With more than 4 hours per day spent in social media as per We Are Social, Filipinos are among the world’s most internet-savvy people. However, where exactly do more than 89 million social media users get their information?
51.7 percent of Filipinos online would say social media influencers, way above the global average of 22.1 percent. Influencers can range from people with a thousand followers to millions, and according to Political Science Professor Aries Arugay, this may be a testament to the premium placed by Filipino voters in influencer preferences as well.
“This reliance on “influencers” reveals that Filipinos value personalities and individuals more than legitimate institutions such as media, academe and even civil society organisations as their social media intermediaries,” Arugay explained in a study published by ISEAS – Yusof Ishak Institute, citing how the distinction between manipulated and authentic online support can be porous and difficult to ascertain.
However, just as influential social media could be in communication and education, algorithms continually feeding people what they want to see or hear could create and reinforce opinions among those of similar minds.
“Without proper vetting verification standards and without credible reputations, the access being given to influencers to produce content has further contributed to the spread of disinformation,” he added.
In relation to this, Meta recently released a statement regarding its preparations for the 2022 Philippine elections.
“We remove misinformation where it is likely to put people at risk for imminent physical harm. We also remove content that is likely to keep normal political processes from functioning such as content intended to suppress voting, as well as certain highly deceptive manipulated media,” Meta said.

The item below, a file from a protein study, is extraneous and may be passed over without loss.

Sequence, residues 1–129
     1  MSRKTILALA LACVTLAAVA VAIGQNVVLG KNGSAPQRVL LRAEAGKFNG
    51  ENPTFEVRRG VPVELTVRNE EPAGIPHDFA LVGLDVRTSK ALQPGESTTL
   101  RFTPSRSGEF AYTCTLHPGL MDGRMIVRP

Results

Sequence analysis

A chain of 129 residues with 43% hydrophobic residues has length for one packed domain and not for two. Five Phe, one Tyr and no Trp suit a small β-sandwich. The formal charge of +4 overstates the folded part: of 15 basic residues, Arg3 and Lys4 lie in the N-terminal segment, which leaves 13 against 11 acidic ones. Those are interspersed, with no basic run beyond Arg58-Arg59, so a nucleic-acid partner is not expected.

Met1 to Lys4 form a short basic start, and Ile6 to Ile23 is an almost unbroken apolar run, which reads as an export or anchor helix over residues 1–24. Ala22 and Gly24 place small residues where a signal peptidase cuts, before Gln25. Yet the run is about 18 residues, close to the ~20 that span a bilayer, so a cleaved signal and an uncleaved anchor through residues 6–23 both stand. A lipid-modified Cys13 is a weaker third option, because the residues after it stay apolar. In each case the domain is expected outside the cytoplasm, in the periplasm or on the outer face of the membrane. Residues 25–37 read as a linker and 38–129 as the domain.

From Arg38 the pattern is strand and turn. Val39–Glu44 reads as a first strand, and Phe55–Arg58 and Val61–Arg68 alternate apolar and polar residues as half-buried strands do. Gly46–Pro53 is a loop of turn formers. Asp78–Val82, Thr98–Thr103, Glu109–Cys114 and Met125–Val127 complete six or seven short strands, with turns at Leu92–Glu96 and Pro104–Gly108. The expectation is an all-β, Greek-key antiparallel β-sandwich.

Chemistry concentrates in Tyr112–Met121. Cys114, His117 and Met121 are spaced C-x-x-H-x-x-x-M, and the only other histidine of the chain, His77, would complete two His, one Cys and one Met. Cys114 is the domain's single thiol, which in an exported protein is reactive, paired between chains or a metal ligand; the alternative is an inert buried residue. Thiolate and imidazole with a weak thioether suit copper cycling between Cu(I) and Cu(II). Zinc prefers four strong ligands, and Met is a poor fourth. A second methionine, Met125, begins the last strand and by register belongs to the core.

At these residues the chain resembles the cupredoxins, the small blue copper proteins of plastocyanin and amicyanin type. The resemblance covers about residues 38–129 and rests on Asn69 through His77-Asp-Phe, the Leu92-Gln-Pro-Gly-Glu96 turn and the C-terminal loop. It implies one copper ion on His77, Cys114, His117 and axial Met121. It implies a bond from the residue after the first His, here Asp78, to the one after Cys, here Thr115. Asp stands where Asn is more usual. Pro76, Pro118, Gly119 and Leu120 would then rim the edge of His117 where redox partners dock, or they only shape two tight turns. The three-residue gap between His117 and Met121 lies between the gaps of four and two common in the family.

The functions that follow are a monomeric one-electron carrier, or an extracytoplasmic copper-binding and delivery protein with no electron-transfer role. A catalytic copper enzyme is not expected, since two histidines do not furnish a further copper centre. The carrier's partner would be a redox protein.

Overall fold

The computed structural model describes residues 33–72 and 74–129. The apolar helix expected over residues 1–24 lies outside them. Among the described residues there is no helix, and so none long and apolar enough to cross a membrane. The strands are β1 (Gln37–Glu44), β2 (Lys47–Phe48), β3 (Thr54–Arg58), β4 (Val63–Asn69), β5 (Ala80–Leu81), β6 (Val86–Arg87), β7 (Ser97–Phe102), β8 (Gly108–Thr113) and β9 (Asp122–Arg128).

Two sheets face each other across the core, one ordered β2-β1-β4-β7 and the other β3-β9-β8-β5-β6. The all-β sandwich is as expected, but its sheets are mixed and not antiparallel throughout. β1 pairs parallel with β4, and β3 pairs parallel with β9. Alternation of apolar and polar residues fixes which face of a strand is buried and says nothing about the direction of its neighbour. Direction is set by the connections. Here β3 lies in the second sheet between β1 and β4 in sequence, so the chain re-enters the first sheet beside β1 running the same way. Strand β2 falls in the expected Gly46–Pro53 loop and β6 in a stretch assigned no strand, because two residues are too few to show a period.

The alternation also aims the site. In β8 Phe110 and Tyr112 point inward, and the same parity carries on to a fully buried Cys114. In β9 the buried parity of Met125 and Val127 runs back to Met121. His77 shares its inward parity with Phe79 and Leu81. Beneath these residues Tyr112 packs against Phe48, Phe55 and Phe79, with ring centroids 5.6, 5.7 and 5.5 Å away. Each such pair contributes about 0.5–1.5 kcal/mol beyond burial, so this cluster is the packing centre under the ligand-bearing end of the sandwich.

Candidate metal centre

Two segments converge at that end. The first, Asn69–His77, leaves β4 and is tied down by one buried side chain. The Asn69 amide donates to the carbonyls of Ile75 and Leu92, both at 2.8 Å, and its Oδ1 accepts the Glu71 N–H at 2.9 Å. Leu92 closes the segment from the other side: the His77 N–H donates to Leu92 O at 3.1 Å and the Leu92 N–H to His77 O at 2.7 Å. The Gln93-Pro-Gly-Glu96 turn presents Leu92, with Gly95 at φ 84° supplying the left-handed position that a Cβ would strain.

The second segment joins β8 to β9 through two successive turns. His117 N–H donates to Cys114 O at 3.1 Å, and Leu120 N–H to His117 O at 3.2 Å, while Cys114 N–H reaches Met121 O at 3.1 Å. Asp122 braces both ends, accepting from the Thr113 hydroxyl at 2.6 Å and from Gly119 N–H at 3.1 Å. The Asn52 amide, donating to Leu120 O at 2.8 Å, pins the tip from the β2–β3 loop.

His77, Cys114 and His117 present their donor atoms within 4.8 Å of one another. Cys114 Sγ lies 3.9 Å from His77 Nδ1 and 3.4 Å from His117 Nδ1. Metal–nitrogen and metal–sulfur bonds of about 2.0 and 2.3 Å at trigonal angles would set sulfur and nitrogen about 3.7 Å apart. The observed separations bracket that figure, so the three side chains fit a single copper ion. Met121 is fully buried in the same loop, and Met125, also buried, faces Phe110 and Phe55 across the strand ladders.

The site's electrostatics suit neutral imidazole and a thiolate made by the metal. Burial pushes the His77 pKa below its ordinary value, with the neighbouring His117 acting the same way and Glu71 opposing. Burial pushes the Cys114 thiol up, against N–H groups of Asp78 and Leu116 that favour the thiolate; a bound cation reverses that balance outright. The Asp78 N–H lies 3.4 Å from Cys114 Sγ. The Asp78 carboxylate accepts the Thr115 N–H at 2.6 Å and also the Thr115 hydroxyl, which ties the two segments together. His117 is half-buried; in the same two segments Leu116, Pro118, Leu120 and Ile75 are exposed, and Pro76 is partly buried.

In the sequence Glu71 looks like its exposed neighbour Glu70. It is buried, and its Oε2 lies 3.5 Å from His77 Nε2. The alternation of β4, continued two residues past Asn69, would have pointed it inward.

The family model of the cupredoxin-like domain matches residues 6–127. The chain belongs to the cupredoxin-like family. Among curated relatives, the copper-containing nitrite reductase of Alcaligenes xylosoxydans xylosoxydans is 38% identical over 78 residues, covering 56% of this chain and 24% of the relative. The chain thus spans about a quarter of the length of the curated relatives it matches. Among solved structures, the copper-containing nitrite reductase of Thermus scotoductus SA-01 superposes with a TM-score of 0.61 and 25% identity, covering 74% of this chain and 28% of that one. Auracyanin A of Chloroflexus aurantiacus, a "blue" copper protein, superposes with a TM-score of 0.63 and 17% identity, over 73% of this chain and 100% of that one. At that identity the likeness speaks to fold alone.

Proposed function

Meta’s social media platform Facebook is the second most-used in the Philippines at 96.8 percent, next to YouTube. It has partnered with Agence France-Presse (AFP), Rappler, and Vera Files, all certified by the International Fact-Checking Network (IFCN), to review and rate the accuracy of content and provide additional context in posts.
In addition, Meta has reportedly made improvements to the ad transparency of political advertisers, although this would be largely limited to those who actually use their advertisement functions.
Foreign interference is also one of the issues being raised as Election Day nears. The United States Department of Justice defines it as “any covert, fraudulent, deceptive, or unlawful actions or attempted actions of a foreign government, or of any person acting as an agent of or on behalf of a foreign government.”
“Like the elections in other countries, the 2022 elections could be exposed to foreign-induced or supported interference. This is a credible and dangerous threat that jeopardises the elections as the sovereign expression of the Filipino electorate,” Arugay said in the same study.
On the part of Meta, clusters of activity from Vietnam, Thailand, and the United States posing as members of local communities in the Philippines through the use of virtual private networks (VPNs) were reportedly removed.
“They posed as supporters of political campaigns or local news entities and used names like Philippines Trending News, Duterte Live, Related to Francis Leo Marcos, and Pinas News,” Meta said in a statement, “They claimed to share live footage while purporting to be local news sources on the ground in an attempt to drive people to their clickbait websites filled with ads.”
As to how much these influencers may affect the actual election results might be left for another time.